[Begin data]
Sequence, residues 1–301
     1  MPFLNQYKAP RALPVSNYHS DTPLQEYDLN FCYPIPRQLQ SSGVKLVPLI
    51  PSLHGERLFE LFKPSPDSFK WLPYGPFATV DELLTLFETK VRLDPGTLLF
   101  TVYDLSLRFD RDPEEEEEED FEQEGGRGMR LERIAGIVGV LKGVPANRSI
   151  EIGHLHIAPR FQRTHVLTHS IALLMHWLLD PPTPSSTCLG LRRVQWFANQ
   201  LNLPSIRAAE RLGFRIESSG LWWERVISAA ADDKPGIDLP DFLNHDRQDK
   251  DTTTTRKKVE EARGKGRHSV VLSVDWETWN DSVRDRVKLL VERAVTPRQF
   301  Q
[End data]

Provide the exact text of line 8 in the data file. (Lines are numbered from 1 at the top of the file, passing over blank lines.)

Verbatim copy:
   301  Q